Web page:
The PA (governing body of autonomous Palestinians regions) and the paramilitary PLO called international community to impose sanctions against Israel and started boycotts and disinvestment, announcing that this Israeli expansion would face with the resistance of Palestinians in any forms, considering it as a “declaration of war” .
On the wave of the USA proposed “Deal of the Century”, an “International Conference on the Question of Palestine” was held last February in Kuala Lumpur, Malaysia, gathering practitioners, academics and civil society, in order to thwart the phenomenon of unilateral actions and to implement the substantive exercise of inalienable rights in Palestine. In this occasion Member States of ASEAN were urged to continue their operations in the pursuit of justice and peace and was highlighted the uselessness of a new plan and the necessity of an effective execution of existing agreements and UN resolutions, based on the two-State formula.
More precisely, the 28 January Trump administration held a press conference in the White House, announcing a “peace to prosperity: a vision to improve the lives of the Palestinian and Israeli people” plan, that pleased to the new coalition government in Israeli. It proposed the incorporation of the existing Israeli settlements in West Bank, including Jordan Valley and East Jerusalem; Jerusalem as undivided capital of Israel; a territory for the future Palestine, including parts of West Bank, Gaza strip and some Jerusalem surrounding; linking of the Palestinian territories through new roads, bridges and tunnels; freezing for 4 years Israeli settlement construction; US embassy in Palestine; investment of $ 50 billion to build a new Palestine state.
The PA and the League of Arab States, among others, rejected the plan and under the mounting pressure of Tunisia and Indonesia, thereafter USA proposed many amendments.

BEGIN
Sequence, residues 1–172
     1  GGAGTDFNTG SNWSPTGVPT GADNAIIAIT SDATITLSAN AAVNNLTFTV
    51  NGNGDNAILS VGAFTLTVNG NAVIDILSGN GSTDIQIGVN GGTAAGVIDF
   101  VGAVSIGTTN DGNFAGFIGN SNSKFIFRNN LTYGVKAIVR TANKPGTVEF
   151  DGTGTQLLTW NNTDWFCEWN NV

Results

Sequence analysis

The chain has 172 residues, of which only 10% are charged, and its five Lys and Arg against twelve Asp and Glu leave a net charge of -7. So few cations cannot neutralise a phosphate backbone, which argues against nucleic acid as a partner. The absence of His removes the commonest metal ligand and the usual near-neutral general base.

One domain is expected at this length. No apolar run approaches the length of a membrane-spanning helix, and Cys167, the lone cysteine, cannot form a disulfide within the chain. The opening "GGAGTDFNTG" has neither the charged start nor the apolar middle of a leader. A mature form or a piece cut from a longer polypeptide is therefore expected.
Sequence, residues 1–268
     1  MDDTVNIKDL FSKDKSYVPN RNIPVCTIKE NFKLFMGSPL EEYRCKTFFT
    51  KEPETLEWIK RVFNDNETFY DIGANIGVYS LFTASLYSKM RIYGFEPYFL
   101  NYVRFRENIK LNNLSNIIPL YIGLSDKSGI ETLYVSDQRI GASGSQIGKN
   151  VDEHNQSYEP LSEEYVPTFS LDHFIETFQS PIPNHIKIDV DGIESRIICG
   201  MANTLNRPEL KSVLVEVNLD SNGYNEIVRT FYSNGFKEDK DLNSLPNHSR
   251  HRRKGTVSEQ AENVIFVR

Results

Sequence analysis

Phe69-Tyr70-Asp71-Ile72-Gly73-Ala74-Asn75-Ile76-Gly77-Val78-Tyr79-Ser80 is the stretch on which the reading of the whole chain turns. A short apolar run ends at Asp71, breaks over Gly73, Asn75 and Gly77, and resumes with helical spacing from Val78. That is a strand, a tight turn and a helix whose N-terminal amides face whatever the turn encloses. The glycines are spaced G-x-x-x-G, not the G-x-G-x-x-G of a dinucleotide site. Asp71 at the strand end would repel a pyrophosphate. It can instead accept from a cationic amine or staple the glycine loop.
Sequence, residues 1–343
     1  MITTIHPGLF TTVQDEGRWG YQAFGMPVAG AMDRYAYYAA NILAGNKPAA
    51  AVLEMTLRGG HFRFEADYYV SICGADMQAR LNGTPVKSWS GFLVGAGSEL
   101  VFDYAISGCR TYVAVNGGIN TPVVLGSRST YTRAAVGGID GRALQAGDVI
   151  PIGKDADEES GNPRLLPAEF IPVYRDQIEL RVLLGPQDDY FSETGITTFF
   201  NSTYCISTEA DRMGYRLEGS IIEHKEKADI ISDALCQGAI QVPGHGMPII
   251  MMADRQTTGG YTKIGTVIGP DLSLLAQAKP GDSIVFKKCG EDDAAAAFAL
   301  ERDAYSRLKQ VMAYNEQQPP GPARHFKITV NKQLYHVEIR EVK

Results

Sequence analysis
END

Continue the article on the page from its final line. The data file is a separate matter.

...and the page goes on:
Thus it’s crystal clear that lately protests against the recently announced plan for annexation, proclaimed by Israel and sponsored by USA, and lockdown security measures against Covid-19 have dragged Palestinians in a hell of oppression and restrictions that considerably limit the freedom of civilians that are currently exacerbating further clashes and opposing resistance, regardless the ban of gathering for the pandemic and the quarantine imposition, being their lives at risk in any case.
The outbreak of coronavirus in 2019 propelled a common effort and a new opportunity of collaboration between Palestinians and Israelis in the attempt to enforce the Middle East peaceful process, being the watchword a strong cooperation on the ground and one at an international level. Nicholay Mlandenov, the Bulgarian Special Coordinator for the Middle East Process in the UN Security Council, stressed the “inspiring example” of cooperation in these lands, before the elections, in order to contain the spread of the virus and seized the moment to impact communities in order to make further steps toward peace and to reject unilateral decisions. In this perspective, UN has delivered over 1 million of aid items, such as protective equipment and test kits, for Palestinians hospitals and clinics, due to insufficient funding. Special Coordinator added that UN will do its utmost for the well-being and safety of Palestinians and Israelis, ensuring that no less than $137 million would be transferred to the region in the coming four months.